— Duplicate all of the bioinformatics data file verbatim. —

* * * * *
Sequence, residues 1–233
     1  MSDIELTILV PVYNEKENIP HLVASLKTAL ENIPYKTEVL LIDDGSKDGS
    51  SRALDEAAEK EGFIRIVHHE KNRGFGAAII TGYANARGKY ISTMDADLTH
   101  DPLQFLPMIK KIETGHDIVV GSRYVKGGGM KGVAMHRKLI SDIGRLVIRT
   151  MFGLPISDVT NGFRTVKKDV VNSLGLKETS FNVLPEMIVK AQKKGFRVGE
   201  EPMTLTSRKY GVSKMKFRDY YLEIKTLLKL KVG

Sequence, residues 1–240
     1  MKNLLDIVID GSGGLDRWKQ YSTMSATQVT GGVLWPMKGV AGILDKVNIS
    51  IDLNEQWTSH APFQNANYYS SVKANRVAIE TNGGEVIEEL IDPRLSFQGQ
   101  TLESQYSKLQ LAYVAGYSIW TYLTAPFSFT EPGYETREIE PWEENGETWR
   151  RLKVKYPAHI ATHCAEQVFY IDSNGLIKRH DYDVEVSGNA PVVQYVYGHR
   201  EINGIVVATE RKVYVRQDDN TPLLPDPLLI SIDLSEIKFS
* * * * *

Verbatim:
Sequence, residues 1–233
     1  MSDIELTILV PVYNEKENIP HLVASLKTAL ENIPYKTEVL LIDDGSKDGS
    51  SRALDEAAEK EGFIRIVHHE KNRGFGAAII TGYANARGKY ISTMDADLTH
   101  DPLQFLPMIK KIETGHDIVV GSRYVKGGGM KGVAMHRKLI SDIGRLVIRT
   151  MFGLPISDVT NGFRTVKKDV VNSLGLKETS FNVLPEMIVK AQKKGFRVGE
   201  EPMTLTSRKY GVSKMKFRDY YLEIKTLLKL KVG

Sequence, residues 1–240
     1  MKNLLDIVID GSGGLDRWKQ YSTMSATQVT GGVLWPMKGV AGILDKVNIS
    51  IDLNEQWTSH APFQNANYYS SVKANRVAIE TNGGEVIEEL IDPRLSFQGQ
   101  TLESQYSKLQ LAYVAGYSIW TYLTAPFSFT EPGYETREIE PWEENGETWR
   151  RLKVKYPAHI ATHCAEQVFY IDSNGLIKRH DYDVEVSGNA PVVQYVYGHR
   201  EINGIVVATE RKVYVRQDDN TPLLPDPLLI SIDLSEIKFS